Richard Curran: State is storing up trouble by being windy on climate change
Was it the prospect of a general election in the offing that prompted the Government to take a step back from a full suite of climate- change measures that might alter behaviour while also raising funds for the Exchequer?
Perhaps it was the backlash from rural Ireland or the voices of the Independent Alliance TDs which convinced Paschal Donohoe that hiking carbon tax, diesel, and other measures might be election-day lunacy.
Equally, it might have been Brexit. Increases in fuel, heating and transport costs hit businesses as much as they do consumers. As the business community faces Brexit, and the hospitality sector was taking a big hit on Vat, the Minister for Finance may have felt this was not the time to make businesses here less competitive.
Either way the Government needed to raise more money to fund additional budget giveaways. And what better way to do it than under the guise of embracing the climate-change agenda.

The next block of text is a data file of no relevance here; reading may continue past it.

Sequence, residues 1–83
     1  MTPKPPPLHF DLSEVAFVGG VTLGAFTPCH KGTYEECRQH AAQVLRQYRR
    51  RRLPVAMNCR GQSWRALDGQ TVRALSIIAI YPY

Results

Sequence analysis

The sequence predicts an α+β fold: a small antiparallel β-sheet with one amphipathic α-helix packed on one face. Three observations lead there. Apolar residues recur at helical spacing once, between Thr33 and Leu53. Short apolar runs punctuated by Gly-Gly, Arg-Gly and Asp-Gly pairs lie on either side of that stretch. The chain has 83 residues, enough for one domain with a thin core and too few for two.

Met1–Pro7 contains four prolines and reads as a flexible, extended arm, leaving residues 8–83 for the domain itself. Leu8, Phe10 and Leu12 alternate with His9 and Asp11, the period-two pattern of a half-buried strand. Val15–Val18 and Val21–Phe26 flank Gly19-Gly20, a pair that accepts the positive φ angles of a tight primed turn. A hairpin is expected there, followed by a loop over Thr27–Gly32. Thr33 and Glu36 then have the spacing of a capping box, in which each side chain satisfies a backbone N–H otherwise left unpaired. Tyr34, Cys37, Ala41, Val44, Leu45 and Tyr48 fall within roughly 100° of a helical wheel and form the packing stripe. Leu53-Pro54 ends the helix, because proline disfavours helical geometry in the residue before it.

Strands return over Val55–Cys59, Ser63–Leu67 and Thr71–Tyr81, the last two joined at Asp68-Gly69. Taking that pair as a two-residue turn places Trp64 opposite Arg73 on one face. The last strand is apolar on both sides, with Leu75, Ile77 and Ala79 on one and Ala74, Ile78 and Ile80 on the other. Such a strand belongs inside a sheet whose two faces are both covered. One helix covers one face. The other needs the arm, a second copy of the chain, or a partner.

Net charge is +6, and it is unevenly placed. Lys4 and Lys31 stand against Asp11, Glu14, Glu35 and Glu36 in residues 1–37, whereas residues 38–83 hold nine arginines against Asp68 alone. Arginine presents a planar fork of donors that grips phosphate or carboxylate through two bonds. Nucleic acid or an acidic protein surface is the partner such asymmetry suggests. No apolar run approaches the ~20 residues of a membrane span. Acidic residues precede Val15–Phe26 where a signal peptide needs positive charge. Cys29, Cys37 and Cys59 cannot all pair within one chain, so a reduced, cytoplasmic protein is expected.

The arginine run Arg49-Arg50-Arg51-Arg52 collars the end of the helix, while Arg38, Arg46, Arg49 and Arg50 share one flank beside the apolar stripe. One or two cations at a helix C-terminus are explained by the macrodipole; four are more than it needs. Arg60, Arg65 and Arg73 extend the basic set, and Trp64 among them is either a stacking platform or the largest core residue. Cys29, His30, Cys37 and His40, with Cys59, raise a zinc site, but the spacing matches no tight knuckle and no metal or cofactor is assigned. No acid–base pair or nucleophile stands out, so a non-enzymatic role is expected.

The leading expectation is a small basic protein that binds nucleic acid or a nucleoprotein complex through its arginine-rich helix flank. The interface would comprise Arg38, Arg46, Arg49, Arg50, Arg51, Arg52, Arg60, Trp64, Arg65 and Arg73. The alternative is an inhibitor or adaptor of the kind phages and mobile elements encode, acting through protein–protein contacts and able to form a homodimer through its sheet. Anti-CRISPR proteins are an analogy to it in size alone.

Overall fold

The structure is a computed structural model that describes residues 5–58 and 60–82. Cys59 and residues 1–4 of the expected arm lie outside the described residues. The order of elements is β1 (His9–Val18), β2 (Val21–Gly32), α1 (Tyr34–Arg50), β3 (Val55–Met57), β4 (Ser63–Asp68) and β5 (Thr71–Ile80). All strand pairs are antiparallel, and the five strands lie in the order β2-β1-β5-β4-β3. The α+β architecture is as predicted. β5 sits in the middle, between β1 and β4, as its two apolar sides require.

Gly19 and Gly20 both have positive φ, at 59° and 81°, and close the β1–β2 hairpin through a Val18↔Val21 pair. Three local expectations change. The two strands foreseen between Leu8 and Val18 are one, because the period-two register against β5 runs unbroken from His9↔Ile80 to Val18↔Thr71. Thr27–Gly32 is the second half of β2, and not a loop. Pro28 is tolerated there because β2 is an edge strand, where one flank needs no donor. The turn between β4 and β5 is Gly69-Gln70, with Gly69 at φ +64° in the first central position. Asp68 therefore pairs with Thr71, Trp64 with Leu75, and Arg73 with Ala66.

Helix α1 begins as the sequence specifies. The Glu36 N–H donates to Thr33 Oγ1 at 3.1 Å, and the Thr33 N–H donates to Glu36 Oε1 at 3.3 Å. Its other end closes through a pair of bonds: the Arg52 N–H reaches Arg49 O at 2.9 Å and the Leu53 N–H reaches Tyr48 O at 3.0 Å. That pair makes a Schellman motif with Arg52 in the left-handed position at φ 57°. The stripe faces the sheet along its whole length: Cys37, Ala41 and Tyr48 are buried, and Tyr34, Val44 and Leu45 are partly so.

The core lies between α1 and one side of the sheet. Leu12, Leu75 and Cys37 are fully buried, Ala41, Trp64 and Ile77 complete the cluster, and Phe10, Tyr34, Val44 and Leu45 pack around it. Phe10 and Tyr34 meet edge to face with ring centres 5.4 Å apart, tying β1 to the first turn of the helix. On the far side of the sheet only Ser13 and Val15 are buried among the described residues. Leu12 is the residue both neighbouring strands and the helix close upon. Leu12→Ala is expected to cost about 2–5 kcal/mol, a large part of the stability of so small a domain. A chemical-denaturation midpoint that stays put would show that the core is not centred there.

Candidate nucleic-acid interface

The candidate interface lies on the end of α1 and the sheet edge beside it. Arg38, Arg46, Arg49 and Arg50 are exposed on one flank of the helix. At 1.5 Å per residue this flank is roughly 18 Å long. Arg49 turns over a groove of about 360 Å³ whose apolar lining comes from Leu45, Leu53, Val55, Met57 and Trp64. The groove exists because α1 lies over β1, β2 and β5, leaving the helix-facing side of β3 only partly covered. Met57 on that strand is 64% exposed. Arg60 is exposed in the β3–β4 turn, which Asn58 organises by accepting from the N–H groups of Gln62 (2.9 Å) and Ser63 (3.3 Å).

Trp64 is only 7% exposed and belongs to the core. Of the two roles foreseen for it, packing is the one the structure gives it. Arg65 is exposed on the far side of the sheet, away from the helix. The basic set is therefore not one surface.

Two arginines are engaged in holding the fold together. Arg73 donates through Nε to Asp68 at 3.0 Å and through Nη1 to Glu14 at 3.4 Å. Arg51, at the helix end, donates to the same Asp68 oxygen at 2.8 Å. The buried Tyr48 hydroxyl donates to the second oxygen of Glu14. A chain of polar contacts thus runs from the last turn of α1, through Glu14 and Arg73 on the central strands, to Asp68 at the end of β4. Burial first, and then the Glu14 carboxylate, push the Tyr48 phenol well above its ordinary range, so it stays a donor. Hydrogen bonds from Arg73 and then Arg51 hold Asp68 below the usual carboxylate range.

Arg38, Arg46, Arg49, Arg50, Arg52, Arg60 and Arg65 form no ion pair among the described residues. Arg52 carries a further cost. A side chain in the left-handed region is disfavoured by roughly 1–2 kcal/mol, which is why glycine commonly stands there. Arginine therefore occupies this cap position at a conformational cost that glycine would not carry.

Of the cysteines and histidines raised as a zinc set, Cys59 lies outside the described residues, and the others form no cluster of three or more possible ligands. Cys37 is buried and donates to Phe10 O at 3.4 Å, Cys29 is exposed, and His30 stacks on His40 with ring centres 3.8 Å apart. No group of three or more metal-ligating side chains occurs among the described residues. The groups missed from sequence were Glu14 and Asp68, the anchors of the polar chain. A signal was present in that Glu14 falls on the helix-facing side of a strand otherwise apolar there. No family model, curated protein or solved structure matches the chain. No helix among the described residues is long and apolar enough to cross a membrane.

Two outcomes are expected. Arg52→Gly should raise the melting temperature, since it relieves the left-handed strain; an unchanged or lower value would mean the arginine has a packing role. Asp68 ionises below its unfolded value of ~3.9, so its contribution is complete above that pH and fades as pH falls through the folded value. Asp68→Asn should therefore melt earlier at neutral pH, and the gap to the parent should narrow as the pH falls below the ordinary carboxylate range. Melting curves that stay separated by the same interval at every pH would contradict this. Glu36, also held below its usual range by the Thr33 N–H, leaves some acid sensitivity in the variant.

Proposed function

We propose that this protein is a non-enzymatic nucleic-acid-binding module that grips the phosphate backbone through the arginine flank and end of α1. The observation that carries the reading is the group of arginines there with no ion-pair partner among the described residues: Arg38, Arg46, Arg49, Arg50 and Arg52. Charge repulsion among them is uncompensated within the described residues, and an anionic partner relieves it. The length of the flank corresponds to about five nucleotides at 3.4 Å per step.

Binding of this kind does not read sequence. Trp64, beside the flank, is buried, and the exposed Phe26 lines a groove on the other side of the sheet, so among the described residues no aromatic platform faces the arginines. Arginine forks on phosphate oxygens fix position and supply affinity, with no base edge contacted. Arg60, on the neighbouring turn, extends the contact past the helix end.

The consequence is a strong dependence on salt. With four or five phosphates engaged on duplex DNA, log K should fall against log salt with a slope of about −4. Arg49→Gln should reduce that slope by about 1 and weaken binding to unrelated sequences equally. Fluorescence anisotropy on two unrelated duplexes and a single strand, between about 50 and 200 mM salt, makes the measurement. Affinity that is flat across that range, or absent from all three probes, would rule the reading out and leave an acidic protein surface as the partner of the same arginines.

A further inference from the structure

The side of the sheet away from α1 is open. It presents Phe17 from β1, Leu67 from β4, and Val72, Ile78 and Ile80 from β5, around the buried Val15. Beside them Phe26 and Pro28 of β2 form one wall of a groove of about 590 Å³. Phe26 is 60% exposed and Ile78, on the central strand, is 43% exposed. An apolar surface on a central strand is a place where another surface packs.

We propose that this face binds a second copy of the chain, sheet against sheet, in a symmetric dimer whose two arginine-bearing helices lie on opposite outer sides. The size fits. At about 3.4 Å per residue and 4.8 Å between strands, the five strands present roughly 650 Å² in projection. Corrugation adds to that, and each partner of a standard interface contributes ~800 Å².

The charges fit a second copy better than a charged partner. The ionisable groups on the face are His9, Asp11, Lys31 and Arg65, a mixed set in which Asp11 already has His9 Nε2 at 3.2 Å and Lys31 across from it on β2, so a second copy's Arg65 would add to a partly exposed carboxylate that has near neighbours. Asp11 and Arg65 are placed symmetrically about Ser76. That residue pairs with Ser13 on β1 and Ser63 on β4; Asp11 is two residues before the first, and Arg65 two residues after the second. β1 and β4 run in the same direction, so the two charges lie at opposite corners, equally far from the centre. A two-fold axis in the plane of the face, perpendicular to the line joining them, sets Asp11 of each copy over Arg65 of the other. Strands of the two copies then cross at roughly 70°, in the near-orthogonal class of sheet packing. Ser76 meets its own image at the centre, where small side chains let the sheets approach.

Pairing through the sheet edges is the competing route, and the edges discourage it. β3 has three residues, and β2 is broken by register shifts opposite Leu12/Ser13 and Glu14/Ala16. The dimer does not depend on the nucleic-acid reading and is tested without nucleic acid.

The Government even had perfect cover given the publication of a major climate change report earlier in the week highlighting the perils and future cost of inaction. Environmental groups will lament what they will see as a missed opportunity. Mr Donohoe and Taoiseach Leo Varadkar can say that now was not the time.
Businesses and consumers will breathe a sigh of relief. But the climate-change-agenda rumbles on. It is an extremely difficult area in which to make policy. It is all based on paying now to future-proof something down the line. Irish governments are not traditionally run that way.
As things stand however, some tough decisions will have to be made. Hiking up carbon taxes seems like a lazy way of combating climate change. Make people pay more, so they will use the fuel less. It is almost about punishing people for their behaviour while grabbing extra money for the Exchequer.